The daily schedule was made up of lectures in the morning to introduce the theory and concepts of macromolecular crystallography, followed by tutorials on software programs and hands-on problem-solving sessions where the participants worked on their own difficult data with lecturers providing expert guidance.
SEACOAST 2019 was mainly intended for graduate students, postdoctoral researchers and early career scientists from academic and industrial institutions. The workshop attracted considerable interest from researchers in the Southeast Asian region and beyond. The group of 30 participants, selected from an applications pool, comprised the trainees from Thailand, Malaysia, Singapore and Japan, represented by a broad spectrum of expertise from novices to structural biologists with considerable experience, and a wide range of scientific projects from studying chemical composition in spent grains to understanding the origins of cell evolution.Impact
About half of the class were novices in macromolecular crystallography while the other half had reasonable experience. The content of the workshop, which comprised a theoretical foundation, tutorials and hands-on sessions, was a perfect fit for such a wide range of knowledge base. Less experienced students benefitted from in-depth lectures on theory to establish a solid foundation on which to build further learning. Researchers with problem data sets deepened their knowledge in basics and were able to resolve the technical challenges they faced in their projects.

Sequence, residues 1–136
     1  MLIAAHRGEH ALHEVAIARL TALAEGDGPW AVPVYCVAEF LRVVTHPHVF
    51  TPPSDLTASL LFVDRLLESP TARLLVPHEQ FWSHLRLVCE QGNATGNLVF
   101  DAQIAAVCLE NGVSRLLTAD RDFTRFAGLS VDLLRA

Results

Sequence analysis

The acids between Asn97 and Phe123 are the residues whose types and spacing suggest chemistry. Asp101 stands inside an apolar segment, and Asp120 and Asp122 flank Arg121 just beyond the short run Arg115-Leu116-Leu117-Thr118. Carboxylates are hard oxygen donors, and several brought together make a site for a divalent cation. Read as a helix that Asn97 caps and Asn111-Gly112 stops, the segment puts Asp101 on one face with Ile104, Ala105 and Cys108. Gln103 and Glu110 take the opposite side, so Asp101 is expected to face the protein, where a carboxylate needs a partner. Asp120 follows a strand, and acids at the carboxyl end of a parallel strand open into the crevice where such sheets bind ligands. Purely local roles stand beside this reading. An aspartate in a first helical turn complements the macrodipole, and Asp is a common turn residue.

Out of the selected 30 applicants, 14 brought their own data to work on during the problem-solving sessions. Seven new structures were solved within this group during the workshop, utilizing both experimental phasing, including S-SAD, and molecular replacement. Some of the projects benefitting from these newly solved structures included the p-hydroxyphenylacetate (Hpa) degradation pathway, which is important in the degradation of natural and synthetic aromatic compounds; multi-drug resistance; antimalarial drug development; anti-parasitic inhibition; and biocatalysts in a broad range of natural, synthetic and degradation processes.